Garuda #1 at Preah Khan Temple
Blog

Of Garudas and Donors

Garuda #1 at Preah Khan Temple

In this blog post, WMF Regional Representative in Southeast Asia Ginevra Boatto shares her experience after meeting a friend of Samuel Miller, the first donor to WMF’s “Adopt a Garuda” campaign.

................

For more than twenty years, World Monuments Fund’s “Adopt a Garuda” program has helped raise funds for the preservation of many garuda sculptures, the eagle-like divine beings that adorn the twelfth-century temple of Preah Khan in Angkor Archaeological Park, Cambodia. The very first sculpture to be featured in the program was adopted in the early 1990s by WMF’s longstanding supporter Samuel Miller, former director of the Newark Museum, as a gift to his wife Rosetta. A few weeks ago I had the pleasure to meet Mr. Miller’s successor at the Newark Museum, Mary Sue Sweeney Price, during her visit to Cambodia. She came to Angkor with the purpose of finally seeing her late predecessor and friend’s adopted Garuda, of which she had heard a lot about.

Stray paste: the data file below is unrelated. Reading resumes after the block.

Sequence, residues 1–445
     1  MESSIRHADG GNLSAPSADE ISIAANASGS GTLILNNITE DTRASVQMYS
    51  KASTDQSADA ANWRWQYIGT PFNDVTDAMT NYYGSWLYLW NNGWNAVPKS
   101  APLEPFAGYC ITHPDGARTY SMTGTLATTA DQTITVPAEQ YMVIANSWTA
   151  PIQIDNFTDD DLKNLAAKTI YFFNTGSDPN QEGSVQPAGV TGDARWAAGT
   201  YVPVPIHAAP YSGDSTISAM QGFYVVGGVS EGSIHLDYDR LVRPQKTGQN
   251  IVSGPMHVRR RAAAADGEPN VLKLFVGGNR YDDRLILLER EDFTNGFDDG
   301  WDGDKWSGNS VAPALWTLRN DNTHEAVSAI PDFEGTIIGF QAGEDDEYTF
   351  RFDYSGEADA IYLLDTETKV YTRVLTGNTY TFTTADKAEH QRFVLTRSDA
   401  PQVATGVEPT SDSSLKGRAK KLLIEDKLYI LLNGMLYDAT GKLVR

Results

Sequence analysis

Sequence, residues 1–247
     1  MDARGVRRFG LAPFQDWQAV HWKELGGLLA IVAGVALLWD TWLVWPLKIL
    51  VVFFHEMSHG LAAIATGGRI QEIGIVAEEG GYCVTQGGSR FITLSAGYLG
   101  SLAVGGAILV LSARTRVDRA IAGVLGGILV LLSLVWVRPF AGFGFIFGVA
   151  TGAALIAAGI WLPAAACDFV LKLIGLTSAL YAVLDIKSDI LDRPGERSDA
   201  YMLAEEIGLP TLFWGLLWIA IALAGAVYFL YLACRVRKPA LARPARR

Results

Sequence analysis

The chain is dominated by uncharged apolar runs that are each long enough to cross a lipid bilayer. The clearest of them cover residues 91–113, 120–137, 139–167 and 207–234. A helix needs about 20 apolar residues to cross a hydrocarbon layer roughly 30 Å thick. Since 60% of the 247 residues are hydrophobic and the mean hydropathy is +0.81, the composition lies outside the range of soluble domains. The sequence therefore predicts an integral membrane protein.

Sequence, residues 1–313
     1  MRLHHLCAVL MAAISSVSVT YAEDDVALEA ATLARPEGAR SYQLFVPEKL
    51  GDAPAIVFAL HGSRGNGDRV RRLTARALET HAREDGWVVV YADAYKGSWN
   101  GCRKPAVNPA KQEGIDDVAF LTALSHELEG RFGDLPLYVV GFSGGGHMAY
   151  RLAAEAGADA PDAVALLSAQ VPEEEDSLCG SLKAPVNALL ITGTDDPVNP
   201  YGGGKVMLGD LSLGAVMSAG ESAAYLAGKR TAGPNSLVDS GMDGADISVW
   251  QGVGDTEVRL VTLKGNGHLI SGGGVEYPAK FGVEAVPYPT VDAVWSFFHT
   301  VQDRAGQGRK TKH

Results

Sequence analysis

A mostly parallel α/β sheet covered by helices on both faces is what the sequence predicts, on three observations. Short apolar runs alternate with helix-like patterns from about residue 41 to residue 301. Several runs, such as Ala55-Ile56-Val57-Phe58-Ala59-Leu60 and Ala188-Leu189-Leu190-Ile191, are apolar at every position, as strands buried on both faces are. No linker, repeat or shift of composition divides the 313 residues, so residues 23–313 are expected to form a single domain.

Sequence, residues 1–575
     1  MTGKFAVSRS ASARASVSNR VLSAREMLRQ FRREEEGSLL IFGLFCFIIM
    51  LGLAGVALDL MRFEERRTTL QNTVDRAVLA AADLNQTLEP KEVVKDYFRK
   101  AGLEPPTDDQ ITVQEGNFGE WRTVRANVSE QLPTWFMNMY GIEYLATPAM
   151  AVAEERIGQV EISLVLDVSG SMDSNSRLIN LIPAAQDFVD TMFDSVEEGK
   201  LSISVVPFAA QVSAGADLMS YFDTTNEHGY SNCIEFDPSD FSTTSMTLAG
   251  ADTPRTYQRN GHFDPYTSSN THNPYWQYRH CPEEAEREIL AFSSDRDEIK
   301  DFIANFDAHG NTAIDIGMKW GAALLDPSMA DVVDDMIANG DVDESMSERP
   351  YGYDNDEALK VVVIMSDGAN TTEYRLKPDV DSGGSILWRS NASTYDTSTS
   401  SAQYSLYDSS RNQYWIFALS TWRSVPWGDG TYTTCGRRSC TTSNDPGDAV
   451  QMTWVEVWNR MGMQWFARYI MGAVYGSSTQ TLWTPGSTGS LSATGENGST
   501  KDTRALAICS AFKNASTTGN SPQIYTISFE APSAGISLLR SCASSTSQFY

When we met at Garuda #1, I showed Mary Sue, her colleague Linda Rodrigues, and the rest of the group a few old pictures taken when the Millers visited the site over twenty years ago. Cheam Phally, Senior Architect of WMF’s program in Angkor, had met the couple when she was working on the restoration of the garuda. She shared vivid memories of them, which reminded us all of their important contribution to WMF and our program at Angkor. Phally brought lotus flowers, which we placed on the garuda, while Mary Sue touched the sculpture’s wing in silence. These small actions made me realize that the statue had become a symbol of the Millers and their philanthropic endeavor. Somehow, this also reminded me of something many of my family members back in Italy do when visiting a cemetery: they touch the photograph on the tombstone as a way to reconnect with the loved one they’ve lost.

I had never thought that a garuda, the object of a philanthropic donation, could become a sort of representation of the donor who contributed to preserve it. This added a very personal layer of significance to Garuda #1 at Preah Khan, and reminded me why our job in Angkor is significant to so many stakeholders in many different ways.